I see that the sun has risen through the trees. The light burning my eyes, making small white dots appear in my vision. Using my right hand to shield my eyes, I use my left hand to untie the belt I used to keep myself in the tree whilst I slept. I managed to finally make it to the less zombie-ish area of the Hellfire Club after a long time, making my way through the unknown terrain of South Dublin. I had lived in the North before this had all happened but time told that the explosion that started the infection made my home what I think heaven might be like – nonexistent.

Clambering down from my canopy, my stiff neck creaked from having slept rough for so many months. I don’t know quite how many months but it’s been long enough that I slowly feel my sanity burning up, tormented with the notion that I was the lucky one. I might now live in a land of plague, death, and darkness but at least I live. Life, that privilege, my family, friends, hometown, and all else I held dear, didn’t have, and never will have again.

My feet crunched on the dying, brown leaves but this time, the crunch was louder than usual. Too loud for it to just be my own feet crunching the dry plants. Quickly I spun around, retrieving the rock I had sculpted to a lethal point and holding it steady in my grasp. As my vision focused on my target, I held my breath. It has a human form which could mean either friend or foe, either zombie or human.

It saw me too and let out a horrific, hell-driven scream. He ran straight at me, full speed ahead. I raised my rock above my head and prepared to strike him down but before he was in range, he stopped short and collapsed in a sobbing heap. ‘Zombies don’t cry’ I told myself as I moved closer to the weeping man. I saw his wounds. His flesh jagged and ripped, like someone had attempted to dismember him with a butter knife or skin him with a spoon. Around these wounds, his skin was white and his veins turned green.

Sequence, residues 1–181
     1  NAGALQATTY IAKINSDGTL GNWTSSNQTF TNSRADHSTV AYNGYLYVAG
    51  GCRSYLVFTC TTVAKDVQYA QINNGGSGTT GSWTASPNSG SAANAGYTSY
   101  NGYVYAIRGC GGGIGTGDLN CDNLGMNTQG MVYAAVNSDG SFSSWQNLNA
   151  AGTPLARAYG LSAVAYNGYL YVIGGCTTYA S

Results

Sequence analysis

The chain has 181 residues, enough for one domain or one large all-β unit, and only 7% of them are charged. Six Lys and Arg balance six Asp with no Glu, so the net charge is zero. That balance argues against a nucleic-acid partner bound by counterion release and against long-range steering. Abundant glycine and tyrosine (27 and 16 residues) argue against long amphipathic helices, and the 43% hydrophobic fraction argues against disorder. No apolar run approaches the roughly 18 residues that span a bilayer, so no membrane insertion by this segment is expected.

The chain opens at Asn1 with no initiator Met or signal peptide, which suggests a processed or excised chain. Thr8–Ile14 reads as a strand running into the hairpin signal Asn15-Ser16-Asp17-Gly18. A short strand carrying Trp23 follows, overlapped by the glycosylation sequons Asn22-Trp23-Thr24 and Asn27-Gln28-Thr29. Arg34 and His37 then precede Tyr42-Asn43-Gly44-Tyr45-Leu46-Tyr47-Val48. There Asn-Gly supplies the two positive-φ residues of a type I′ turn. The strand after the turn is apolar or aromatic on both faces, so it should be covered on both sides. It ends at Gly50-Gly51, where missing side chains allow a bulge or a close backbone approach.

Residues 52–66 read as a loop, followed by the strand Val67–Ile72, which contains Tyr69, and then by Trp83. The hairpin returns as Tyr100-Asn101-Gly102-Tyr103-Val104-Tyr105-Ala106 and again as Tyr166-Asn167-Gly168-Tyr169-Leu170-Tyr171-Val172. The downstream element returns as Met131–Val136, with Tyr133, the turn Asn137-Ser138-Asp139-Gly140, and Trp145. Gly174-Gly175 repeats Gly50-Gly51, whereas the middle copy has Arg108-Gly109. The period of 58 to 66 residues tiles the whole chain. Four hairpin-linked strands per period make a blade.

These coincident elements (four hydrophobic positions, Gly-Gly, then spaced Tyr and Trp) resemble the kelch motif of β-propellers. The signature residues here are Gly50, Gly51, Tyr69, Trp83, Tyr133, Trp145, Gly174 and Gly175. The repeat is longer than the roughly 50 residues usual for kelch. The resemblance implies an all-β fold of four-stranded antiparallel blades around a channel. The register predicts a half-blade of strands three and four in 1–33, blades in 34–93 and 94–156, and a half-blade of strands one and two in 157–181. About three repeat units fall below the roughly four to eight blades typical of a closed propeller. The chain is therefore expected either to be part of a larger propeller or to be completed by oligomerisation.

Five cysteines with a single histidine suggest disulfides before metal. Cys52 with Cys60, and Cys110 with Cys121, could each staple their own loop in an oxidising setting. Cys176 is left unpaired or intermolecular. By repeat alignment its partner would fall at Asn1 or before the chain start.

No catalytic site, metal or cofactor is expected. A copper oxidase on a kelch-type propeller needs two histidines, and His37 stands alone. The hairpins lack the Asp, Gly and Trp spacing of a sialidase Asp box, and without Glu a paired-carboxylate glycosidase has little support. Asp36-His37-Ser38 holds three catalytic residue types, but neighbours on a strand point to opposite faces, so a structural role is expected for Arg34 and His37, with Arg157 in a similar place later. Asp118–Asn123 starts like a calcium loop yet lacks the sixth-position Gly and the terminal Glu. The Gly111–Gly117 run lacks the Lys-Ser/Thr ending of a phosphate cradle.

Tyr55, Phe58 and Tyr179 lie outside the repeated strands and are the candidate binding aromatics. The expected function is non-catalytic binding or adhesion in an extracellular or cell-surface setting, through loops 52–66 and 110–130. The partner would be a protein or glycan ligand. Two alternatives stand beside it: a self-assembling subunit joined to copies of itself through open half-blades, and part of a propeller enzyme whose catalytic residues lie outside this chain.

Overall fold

“Help!” he said. There wasn’t anything I could do. “I’m sorry,” I whispered. “Please, I’m trying to find my wife. I haven’t found her yet. I can’t die now. If I die now, it’s all for nothing. No, no, no. I – I should have stayed. I…” he began to wail again, the wail I assumed was a battle cry. I felt my heart  leap into my throat and overwhelm my system. Had this man run any closer, his head would be caved in, bludgeoned with my sharp rock. “Stayed?” I asked, “Stayed here?” Is your family here? I can run and grab the-”. 

“No, they’re on the otherwise. The outside.”

“Outside? Like heaven?” 

“No, not heaven. My kids, they’re on the outside. North Dublin. I left them with their Nan but they deserved a Mam. She worked in Brittas but then the infection broke out and South Dublin was quarantined. I thought there was no way she could get out now so I came looking for her and now I see I should have just stayed. Now, they’re practically orphans and I’m going to die or turn into one of them zombies.”

“It still exists?”

“The zombies? Yeah, they still exist. Where the fuck have you been? They’re everywh-”

“No, North Dublin! It’s still there. Government stated that it for destroyed but you’re here. It’s there. I’m from there. My family is still there. My family is alive!”

“It’s quarantined. You’ll never get through and that’s if you get to the Liffey.” he hissed in pain as the infection set further in. He wasn’t going to die, he was going to turn.

“Listen,” he grunted, “If you do get there, go to Blanch. Little white house beside the Bellview Pub. Tell Ben, Séan, and Leana that daddy and mammy love them very much. Promise me”. 

“I will.”

And with that, he snatched the rock from my hand and smashed his head. He aimed for the eyeball and drove the point through his brain. He lay there, dead. Now, he was on the other side but my family and his family are only on the outside.